“Tottenham’s run has been incredible and Redknapp will be hoping another one of Europe’s big sides bites the dust at White Hart Lane, especially now that the crazy little thing called Gattuso won’t be playing. Bale already put Inter under pressure, so Milan should beware because, hey, he’s gonna get you too!”

Prediction: 1 v 0

(All material in this blog is entirely fictional and does not represent the views or opinions of anyone, alive or dead, other than those of the author.)

Bloomin' Eck!

Football isn’t just a sport, it’s entertainment. A good game of football can be a show higher in quality than anything TV’s best paid hacks can churn out, resigning even top notch programmes such as Young Butcher of the Year and Jersey Shore to the Sky Plus box. And like the best TV dramas, football can have stunning plot twists, brilliant characters, and can sway from the hilarious to the tragic in the space of a few short moments. Just ask Laurent Koscielny and Wojciech Szczesny. Their performance in the final stages of Arsenal’s 2-1 Carling Cup Final capitulation to Birmingham City was the best example of miscommunication on live TV since this cringe inducing blunder on Australia’s Next Top Model.

Prior to the game, Arsenal had been waiting so long for silverware that Arsene Wenger had been forced to take even the Carling Cup seriously. However, a woeful performance from a side that overcame the majestic Barcelona only two weeks earlier left the Gunners’ boss on the verge of a Jimmy Corkhill style breakdown in front of a live audience of millions. The ghouls here at In Off the Ghost don’t want to detract from the performance of Alex McLeish’s Birmingham City side or overlook how entertaining the match was for the neutrals (particularly in comparison to some of the fetid FA Cup finals in recent years). So we decided to discuss the match with a Scotsman who knows a thing or two about good television. A cold welcome to Scottish engineer and the inventor of the world’s first practical, publicly demonstrated television system, John Logie Baird!

Logie Baird - Smarter than your average inventor

“I thoroughly enjoyed the game, it was exactly the kind of spectacle that I invented my amazing televisor for” said the square-eyed Logie Baird. “I was so pleased for Alex McLeish and I am always happy to see a fellow Scot doing well. The lad got his tactics totally on the button. He had Barry Ferguson and Craig Gardner providing a wide screen for the back four, Seb Larsson and Keith Fahey working the channels, and the height of Nikola Žigić provided Birmingham with a great aerial option. It was fantastic to watch the Serbian’s work in the box consistently unsettle Arsenal’s faulty defence and the reception the Birmingham fans gave their players throughout the match was incredible.”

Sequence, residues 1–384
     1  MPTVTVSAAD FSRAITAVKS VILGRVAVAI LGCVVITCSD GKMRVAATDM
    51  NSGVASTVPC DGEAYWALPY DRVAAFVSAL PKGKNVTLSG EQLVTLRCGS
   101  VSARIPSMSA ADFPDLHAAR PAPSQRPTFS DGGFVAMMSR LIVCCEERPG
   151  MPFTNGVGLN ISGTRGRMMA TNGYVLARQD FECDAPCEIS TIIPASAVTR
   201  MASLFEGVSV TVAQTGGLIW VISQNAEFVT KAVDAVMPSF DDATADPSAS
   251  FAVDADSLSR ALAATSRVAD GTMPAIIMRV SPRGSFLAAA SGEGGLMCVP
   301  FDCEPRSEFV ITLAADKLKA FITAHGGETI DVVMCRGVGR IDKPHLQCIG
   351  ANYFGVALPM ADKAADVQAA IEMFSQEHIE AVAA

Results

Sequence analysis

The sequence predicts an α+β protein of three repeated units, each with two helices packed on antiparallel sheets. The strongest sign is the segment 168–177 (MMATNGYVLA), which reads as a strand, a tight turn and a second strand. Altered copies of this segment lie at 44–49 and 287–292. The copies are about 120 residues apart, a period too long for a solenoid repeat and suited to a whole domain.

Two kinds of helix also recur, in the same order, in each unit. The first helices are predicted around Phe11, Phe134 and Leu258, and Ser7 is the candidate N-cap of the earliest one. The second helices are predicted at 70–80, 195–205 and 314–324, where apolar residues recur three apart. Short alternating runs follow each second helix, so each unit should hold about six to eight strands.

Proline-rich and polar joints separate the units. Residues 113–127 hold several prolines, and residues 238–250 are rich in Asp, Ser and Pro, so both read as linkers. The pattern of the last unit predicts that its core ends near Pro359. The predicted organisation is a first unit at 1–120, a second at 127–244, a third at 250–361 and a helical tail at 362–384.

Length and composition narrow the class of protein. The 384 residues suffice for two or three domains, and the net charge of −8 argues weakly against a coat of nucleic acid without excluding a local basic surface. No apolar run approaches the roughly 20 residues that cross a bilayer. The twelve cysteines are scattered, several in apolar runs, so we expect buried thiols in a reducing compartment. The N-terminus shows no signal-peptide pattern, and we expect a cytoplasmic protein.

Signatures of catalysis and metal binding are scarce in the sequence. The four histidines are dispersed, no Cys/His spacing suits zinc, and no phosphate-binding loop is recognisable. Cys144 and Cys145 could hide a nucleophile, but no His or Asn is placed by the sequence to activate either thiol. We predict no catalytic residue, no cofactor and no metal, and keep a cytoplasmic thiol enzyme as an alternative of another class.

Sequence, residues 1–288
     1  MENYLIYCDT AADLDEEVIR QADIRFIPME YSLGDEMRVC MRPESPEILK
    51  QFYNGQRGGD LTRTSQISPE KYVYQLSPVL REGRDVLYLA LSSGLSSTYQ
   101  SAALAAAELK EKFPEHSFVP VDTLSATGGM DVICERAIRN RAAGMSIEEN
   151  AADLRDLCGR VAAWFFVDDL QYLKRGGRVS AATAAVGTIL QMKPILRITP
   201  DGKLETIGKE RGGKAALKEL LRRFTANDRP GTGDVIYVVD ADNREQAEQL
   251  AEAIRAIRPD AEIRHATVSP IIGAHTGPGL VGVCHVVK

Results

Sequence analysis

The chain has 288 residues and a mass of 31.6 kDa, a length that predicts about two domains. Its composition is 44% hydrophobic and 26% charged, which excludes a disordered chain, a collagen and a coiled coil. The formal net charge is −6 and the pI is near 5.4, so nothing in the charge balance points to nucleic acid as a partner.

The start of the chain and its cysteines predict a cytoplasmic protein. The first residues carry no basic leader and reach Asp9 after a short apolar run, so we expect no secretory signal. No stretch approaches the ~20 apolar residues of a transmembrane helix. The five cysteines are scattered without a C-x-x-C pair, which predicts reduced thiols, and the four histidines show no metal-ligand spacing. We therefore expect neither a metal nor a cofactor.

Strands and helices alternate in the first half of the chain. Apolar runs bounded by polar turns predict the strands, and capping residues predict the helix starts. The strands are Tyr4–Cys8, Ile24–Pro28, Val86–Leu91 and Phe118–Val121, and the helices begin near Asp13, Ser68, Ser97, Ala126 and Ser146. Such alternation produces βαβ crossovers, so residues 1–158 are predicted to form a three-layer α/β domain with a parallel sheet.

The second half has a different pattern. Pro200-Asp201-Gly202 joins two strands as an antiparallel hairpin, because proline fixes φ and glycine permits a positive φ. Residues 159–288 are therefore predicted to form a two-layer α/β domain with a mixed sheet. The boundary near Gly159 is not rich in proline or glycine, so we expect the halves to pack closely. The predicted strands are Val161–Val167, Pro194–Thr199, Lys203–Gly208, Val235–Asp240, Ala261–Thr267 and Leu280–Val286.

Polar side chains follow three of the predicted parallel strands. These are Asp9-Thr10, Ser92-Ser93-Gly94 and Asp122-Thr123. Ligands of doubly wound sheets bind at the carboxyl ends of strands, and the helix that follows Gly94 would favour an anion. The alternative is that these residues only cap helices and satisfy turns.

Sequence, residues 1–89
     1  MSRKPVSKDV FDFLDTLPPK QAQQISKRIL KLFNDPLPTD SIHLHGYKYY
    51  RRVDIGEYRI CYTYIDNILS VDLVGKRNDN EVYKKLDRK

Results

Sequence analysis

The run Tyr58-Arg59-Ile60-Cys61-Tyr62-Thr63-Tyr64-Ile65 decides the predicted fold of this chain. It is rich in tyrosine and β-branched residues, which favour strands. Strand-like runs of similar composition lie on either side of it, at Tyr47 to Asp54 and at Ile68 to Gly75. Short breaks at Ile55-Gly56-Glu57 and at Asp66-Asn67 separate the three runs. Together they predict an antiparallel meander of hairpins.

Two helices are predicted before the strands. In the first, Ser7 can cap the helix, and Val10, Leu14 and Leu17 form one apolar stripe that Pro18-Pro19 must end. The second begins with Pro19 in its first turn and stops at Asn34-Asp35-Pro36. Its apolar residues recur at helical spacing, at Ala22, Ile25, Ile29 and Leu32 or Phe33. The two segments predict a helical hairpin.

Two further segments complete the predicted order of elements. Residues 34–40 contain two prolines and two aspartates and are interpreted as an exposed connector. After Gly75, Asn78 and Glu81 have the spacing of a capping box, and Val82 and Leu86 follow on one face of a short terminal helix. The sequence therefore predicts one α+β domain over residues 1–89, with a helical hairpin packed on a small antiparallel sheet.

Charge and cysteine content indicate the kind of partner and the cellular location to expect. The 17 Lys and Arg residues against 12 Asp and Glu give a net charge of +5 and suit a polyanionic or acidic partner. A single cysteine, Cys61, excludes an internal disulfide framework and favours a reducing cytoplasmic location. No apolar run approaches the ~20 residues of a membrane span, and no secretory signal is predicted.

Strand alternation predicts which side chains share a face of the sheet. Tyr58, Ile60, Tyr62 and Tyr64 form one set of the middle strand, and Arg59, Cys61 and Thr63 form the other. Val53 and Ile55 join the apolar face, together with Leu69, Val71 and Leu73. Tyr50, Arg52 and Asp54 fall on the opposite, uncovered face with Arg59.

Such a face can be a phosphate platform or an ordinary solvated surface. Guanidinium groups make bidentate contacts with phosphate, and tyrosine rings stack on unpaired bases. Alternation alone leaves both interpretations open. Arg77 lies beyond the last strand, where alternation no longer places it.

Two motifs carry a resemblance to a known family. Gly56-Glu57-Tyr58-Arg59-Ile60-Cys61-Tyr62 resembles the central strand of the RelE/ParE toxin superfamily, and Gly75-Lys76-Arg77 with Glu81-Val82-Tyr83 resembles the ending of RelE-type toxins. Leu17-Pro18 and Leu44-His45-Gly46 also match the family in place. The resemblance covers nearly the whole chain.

“It was clear to me that Arsenal’s back four were too often static, and Andrei Arshavin and Robin Van Persie were too remote upfront. Koscielny and Szczesny were the funniest double act I’ve seen on the tube since Morecambe and Wise. Wenger likes to talk a lot about entertaining football, but his wee boys and their fruitless passing were no match for McLeish’s big men. To be honest, there is nothing I find more entertaining to watch on my celestial TV screen than a fast, exciting, end to end game of football, especially when a club outside the big four get to win a trophy for a change.”

(All material in this blog is entirely fictional and does not represent the views or opinions of anyone, alive or dead, other than those of the author.)

Rooney overhead kick

Rooney - On your bicycle kick (Courtesy of BBC Sport)

Ever since man looked up to the skies and saw the flight of birds, we have longed to fly. Many throughout history have tried and failed to reach the heavens and only thorough the use of giant, environmentally disastrous tin cans have we managed to join our feathered friends. However, Wayne Rooney seemed to defy gravity against Man City this weekend without the use of wax and feathers or a tonne of fossil fuel, and he also managed to score the most spectacular goal of the season while he was at it.